by Nancy Christofferson
CUCHARA- Health and recreation were the features that drew early travelers to the little resort village begun by George Alfred Mayes in 1908. And, he advised, this was no luxury resort, but a place for those of moderate means.
I’ll say. Cuchara Camps was first designed for campers, with a few accommodations in “the big house” for roomers. Costs were minimal for rentals, even full Sunday meals in the café were about 25¢, including dessert and a beverage.
The tiny shacks Mayes built to sell, creatively called cottages, cost around $200 to buy. Each came complete with a family of skunks underneath, for these cottages had no foundations. The outdoor facilities were tastefully located, presumably, but were often situated right next to the creek or river. Refrigeration could be had at no cost if you had that creek or river in your backyard, just find an old metal milk crate, load up your perishables in it and set it in the water. Entertainment came cheaply, too. Most was free, though the weekend dances could set you back a dime so you could enjoy the music of an orchestra imported from as far away as Pueblo or Trinidad.
Community campfires also were free, but you had to bring your own burgers or hot dogs. The conviviality was gratis.
Much of the entertainment for young people revolved around physical activity. In early days the young, now called teenagers, usually had smaller siblings in tow, and were determined, in the way of teenagers, to so tire out the tots that they’d go to extraordinary lengths, such as walking for miles. Hikes along the old dirt road to the Forks and the picnic grounds above were common, and generally did the trick. Once the little ones fell asleep, the teenagers could giggle and gossip and flirt to their hearts’ content.
A favorite hike for all ages was up to the so-called Haunted House. This was an old homesteader’s house, a rather grand two-story frame home from the 1800s, situated up the Spring Creek road. It was said to have been built by William Culler, La Veta barber, soft drink purveyor and occasional merchant, who evidently abandoned it and moved to town. Anyway, the house burned down in the 1940s but the site and its titillating reputation continued to draw folks to its scenic spot along a small rill up in a high meadow.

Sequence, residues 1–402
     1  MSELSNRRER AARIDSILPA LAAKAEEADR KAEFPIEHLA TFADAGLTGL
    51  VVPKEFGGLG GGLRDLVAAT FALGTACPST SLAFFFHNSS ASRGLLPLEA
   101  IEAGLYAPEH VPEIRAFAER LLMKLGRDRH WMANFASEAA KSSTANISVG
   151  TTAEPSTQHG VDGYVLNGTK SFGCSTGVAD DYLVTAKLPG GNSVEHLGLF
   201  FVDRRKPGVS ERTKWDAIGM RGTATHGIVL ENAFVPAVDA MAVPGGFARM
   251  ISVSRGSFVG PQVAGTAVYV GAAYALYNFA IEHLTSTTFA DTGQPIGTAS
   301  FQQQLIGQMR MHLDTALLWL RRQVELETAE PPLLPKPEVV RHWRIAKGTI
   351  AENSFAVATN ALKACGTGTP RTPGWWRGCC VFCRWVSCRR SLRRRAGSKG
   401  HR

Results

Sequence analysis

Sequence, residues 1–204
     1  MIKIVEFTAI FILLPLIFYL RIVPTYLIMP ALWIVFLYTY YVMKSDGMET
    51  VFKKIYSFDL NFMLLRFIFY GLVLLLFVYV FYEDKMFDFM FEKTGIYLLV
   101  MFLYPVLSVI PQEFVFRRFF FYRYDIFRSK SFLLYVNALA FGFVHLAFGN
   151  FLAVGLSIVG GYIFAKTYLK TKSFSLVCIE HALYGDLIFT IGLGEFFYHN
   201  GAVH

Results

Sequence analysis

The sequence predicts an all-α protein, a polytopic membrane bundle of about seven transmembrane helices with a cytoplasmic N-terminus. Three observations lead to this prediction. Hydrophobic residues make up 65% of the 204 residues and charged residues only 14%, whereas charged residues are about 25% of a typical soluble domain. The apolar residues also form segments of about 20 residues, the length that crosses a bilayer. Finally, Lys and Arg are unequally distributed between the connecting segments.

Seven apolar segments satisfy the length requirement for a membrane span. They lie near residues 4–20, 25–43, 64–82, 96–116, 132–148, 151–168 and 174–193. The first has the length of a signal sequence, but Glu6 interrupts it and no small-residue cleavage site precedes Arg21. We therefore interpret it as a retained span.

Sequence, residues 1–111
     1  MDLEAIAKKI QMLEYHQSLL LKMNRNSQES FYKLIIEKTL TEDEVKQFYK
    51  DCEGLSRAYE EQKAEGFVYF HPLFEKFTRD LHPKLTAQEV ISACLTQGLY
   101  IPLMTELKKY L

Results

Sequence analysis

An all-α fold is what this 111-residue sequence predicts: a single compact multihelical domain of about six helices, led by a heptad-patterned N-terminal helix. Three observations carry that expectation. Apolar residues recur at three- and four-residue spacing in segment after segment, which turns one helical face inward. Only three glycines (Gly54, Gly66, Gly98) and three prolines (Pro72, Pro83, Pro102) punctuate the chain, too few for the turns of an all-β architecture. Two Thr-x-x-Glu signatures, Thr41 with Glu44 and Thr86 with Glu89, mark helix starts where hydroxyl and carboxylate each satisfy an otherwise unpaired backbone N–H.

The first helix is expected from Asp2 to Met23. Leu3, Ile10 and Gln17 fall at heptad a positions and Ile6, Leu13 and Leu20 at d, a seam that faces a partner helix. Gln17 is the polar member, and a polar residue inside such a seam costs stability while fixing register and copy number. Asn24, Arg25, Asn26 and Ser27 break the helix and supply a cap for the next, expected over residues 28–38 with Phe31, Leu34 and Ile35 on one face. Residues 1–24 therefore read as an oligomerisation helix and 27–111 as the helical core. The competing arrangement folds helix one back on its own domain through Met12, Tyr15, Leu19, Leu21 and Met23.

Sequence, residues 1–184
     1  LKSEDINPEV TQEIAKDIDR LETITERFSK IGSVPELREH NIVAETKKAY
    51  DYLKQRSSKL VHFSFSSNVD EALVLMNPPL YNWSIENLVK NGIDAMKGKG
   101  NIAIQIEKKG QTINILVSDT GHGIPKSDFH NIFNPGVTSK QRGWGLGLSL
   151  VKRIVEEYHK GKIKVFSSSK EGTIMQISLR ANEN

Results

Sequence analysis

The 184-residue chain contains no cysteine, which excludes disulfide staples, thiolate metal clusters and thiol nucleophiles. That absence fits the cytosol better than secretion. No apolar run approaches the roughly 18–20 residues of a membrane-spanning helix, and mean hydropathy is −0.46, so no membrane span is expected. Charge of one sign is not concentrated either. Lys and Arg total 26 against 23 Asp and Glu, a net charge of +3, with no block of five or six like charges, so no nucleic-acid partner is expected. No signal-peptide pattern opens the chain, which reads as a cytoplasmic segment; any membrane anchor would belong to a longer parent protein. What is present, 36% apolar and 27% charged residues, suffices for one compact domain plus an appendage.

Obviously, another favorite was the climb up the Rock Wall, otherwise, there would not be a K, T, and O painted up there. This was a popular spot for breakfast, with young people from very small to very large carrying, gently, iron skillets, bacon, bread and eggs up the mountainside. Yes, they set fires to cook the meal, in a sheltered spot up among the rocks. One memorable trip had a mature eight-year-old reprimanding his little sister about her manners. She replied, “You were child when you were young.” Showed him.
Many of the young saw the mountains as challenges, and many climbed the same mountains each year. Trinchera and the West Spanish Peak were often scaled, and many harrowing adventures came out of these trips when the weather changed suddenly and lightning bolts and hail rained down on the mountaineers. Some climbers were very unlucky indeed, and died. Others saw these misadventures as excellent fodder for the campfire exchange of “I can top that”.
Kids used to go up the Rock Wall regularly, at least once a week, and sometimes as often as twice a day. The forest trail was the favorite way to ascend, while the steeper and unmaintained Boy Scout trail, which basically went straight down (and up), was the way to go home. In the 1950s, a primitive road was graded to gain access to the future site of a uranium mine, and this too could be followed. K-T was only one destination. Evening hikes were undertaken to visit the bat cave, Indian cave and High Point. Many of the rocks were named – Bear Claw, for instance. Does anyone still go to these places?
During the 1930s and ‘40s, teens enjoyed scavenger and treasure hunts. They deployed all over the Camps to knock on doors to ask for odd items as proscribed by the hunt’s innovator. Privacy was of no concern for these intrepid hunters, and they woke up many cabin dwellers to ask for, say, a blue tiddly-wink. Hide and seek in the dark was another standby, and no doubt a few hiders were discovered cowering in the backyard facilities by residents with a late night urge.
In the late 1950s, the de rigueur night walk of the week was hiking to the dump. While this sounds slightly non-scenic and less than hygenic, it was highly favored, and groups of 10 and up to 20 teens would undertake it. Along the way, the boys hid in the bushes and made their best bear noises to scare the girls, the girls screamed, and the boys were happy. Such is the way of teenagers. Once at the dump, so smelly as to draw every bear from miles around, ghost stories would be told. Soon enough, the tell tale twang of the surrounding barbed wire fence warned the kids a bear was indeed in the vicinity, and it took no time at all to run back down the road.
The ultimate walk of the ‘60s was to La Veta. Back in the ‘30s, if a teen wanted to go to La Veta, he or she walked down the dirt road, and once completing one’s errand in town, walked home. In the ‘60s, some of the girls liked the walk, but only one way – down. The trip usually took place in August after the city girls had built up their leg muscles. The first five or six miles near Cuchara were on a dirt road, and pavement was struck at Spoon Ranch. The group then followed the yellow line to town, and looked for a patsy to drive them back to Cuchara.
It probably was likely a teen of the early days may have covered five or 10 miles every day, on foot. Activity, any activity, was the only way to burn off all the energy accumulated in the high, clean mountain air. Besides, they had to build up an appetite for the fried chicken or chicken fried steak and homemade pies that called to them from the old Chuck Wagon.